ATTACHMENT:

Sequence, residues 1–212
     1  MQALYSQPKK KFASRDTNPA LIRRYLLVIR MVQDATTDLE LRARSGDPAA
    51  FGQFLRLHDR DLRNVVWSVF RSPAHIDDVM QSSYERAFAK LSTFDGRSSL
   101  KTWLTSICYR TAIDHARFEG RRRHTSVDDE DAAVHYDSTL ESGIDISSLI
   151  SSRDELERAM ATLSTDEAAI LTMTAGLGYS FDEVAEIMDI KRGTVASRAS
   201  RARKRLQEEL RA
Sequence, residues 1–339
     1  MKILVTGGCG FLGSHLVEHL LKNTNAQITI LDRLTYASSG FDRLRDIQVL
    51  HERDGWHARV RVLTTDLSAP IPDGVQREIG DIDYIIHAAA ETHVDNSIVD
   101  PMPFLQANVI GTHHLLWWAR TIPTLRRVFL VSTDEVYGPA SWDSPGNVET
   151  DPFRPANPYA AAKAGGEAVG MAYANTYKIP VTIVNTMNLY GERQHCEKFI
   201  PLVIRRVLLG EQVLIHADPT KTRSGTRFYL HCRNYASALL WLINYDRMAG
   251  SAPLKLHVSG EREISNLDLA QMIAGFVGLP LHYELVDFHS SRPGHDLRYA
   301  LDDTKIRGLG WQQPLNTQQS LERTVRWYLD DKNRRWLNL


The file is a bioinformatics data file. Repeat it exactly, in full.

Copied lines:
Sequence, residues 1–212
     1  MQALYSQPKK KFASRDTNPA LIRRYLLVIR MVQDATTDLE LRARSGDPAA
    51  FGQFLRLHDR DLRNVVWSVF RSPAHIDDVM QSSYERAFAK LSTFDGRSSL
   101  KTWLTSICYR TAIDHARFEG RRRHTSVDDE DAAVHYDSTL ESGIDISSLI
   151  SSRDELERAM ATLSTDEAAI LTMTAGLGYS FDEVAEIMDI KRGTVASRAS
   201  RARKRLQEEL RA
Sequence, residues 1–339
     1  MKILVTGGCG FLGSHLVEHL LKNTNAQITI LDRLTYASSG FDRLRDIQVL
    51  HERDGWHARV RVLTTDLSAP IPDGVQREIG DIDYIIHAAA ETHVDNSIVD
   101  PMPFLQANVI GTHHLLWWAR TIPTLRRVFL VSTDEVYGPA SWDSPGNVET
   151  DPFRPANPYA AAKAGGEAVG MAYANTYKIP VTIVNTMNLY GERQHCEKFI
   201  PLVIRRVLLG EQVLIHADPT KTRSGTRFYL HCRNYASALL WLINYDRMAG
   251  SAPLKLHVSG EREISNLDLA QMIAGFVGLP LHYELVDFHS SRPGHDLRYA
   301  LDDTKIRGLG WQQPLNTQQS LERTVRWYLD DKNRRWLNL